Though, although and even though


Although is a conjunction. It is used for introducing a statement that makes your main statement seem surprising.

  • Although Jane was the most deserving candidate, she didn’t get the job.
  • Although she is rich and famous, she is not happy.
  • The soldiers fought bravely, and although they were badly wounded, they refused to surrender.

Though and even though

Though and although are interchangeable. Though is more common.

Though she was poor she would never ask for help.

Though difficult, the journey was not dangerous.

Even though is more emphatic than though and although.

The soldiers went on fighting even though they were badly injured.


Though, although and even though are subordinating conjunctions. They introduce a dependent clause that needs to be attached to an independent clause.

When clauses introduced by these subordinating conjunctions come at the beginning of a sentence, we usually separate them with a comma. Note that the commas can be left out if the clauses are very short.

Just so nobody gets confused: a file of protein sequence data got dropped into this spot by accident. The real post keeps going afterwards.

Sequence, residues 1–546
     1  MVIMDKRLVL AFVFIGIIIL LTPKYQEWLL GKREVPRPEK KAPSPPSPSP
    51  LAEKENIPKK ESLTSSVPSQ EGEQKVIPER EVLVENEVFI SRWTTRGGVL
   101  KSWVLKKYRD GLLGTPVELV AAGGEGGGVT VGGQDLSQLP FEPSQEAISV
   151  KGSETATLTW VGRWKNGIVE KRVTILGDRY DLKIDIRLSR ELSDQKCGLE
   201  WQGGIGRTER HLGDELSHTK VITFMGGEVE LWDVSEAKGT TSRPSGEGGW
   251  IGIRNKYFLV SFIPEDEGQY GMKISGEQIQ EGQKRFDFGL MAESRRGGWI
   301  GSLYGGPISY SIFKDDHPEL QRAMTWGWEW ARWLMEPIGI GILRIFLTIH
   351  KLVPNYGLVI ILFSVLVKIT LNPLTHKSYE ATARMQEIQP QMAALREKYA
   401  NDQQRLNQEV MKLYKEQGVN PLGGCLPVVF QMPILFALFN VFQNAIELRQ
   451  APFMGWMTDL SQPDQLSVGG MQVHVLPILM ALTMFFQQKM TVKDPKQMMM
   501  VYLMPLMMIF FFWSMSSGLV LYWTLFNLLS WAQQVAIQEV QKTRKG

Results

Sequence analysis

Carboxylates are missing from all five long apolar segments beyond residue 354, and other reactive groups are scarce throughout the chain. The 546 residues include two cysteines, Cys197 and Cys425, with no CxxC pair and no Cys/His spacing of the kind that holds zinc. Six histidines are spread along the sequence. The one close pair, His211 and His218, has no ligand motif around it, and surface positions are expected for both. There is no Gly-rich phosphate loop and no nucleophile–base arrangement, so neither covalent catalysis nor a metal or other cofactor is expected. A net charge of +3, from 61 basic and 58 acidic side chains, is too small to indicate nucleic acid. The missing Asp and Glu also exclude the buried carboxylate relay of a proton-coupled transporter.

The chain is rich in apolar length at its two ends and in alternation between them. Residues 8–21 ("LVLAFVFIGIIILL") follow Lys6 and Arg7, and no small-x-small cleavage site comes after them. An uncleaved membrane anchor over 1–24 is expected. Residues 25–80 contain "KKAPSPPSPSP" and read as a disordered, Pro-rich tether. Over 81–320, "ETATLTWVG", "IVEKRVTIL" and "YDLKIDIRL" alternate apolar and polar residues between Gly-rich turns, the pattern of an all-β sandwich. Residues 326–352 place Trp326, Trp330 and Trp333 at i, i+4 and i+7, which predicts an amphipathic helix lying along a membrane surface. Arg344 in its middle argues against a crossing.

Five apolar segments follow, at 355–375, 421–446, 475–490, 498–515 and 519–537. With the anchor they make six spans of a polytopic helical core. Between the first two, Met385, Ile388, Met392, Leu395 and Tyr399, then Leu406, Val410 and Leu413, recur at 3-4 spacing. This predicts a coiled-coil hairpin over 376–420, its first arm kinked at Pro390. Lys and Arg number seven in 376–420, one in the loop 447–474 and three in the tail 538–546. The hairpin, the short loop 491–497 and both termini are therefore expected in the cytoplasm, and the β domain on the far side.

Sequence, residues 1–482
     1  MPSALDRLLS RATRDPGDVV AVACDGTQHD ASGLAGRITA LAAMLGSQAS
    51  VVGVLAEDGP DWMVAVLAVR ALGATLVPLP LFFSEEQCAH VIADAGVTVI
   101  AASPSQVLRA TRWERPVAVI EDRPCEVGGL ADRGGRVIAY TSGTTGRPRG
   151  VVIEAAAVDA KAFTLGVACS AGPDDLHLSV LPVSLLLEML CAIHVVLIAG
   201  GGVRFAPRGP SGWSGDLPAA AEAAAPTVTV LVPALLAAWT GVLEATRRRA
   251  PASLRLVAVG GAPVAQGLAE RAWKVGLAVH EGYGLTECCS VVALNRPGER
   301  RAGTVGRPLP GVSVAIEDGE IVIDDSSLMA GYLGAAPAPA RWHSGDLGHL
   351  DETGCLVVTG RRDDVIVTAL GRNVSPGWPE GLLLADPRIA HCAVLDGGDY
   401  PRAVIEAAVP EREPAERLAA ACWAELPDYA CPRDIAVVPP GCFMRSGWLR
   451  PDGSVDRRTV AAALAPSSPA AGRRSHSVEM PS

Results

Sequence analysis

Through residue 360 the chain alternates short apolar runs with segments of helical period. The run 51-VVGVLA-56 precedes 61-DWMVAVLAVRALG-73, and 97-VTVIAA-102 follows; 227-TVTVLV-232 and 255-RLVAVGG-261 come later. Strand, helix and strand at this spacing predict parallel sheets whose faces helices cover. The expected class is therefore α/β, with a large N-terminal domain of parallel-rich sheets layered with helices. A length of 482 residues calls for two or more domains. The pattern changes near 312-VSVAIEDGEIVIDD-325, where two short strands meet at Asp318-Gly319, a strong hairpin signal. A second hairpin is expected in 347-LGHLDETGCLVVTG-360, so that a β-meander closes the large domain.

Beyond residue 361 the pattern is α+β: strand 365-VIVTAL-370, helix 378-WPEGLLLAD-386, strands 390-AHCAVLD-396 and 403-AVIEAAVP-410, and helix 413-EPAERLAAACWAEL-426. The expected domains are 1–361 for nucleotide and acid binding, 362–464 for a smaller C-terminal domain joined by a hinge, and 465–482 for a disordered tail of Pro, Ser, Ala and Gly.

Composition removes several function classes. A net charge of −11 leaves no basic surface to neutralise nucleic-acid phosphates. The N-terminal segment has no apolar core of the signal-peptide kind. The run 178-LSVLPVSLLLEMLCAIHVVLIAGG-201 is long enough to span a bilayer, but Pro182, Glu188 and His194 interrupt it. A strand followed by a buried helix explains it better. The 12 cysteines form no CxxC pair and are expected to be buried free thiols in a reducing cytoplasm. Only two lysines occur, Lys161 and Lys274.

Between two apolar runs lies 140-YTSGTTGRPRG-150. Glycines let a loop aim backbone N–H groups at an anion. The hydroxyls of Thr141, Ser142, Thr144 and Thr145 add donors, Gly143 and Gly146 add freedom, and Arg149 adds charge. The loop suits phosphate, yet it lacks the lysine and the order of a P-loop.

The coordinating conjunction but can express the same idea.

The soldiers were badly injured but they went on fighting.

She was poor but she would never ask for help.

The same ideas can also be expressed using the transitional adverbs however, nevertheless and nonetheless.

They were badly injured; nevertheless, they went on fighting.

Jane was the most deserving candidate; however, she didn’t get the job.

It was a difficult race; nonetheless, over 1,000 runners participated.

Note the punctuation. Transitional adverbs do not connect two clauses; they merely facilitate the flow of ideas.

A transitional adverb should be preceded by a full stop or a semicolon. And it should be followed by a comma.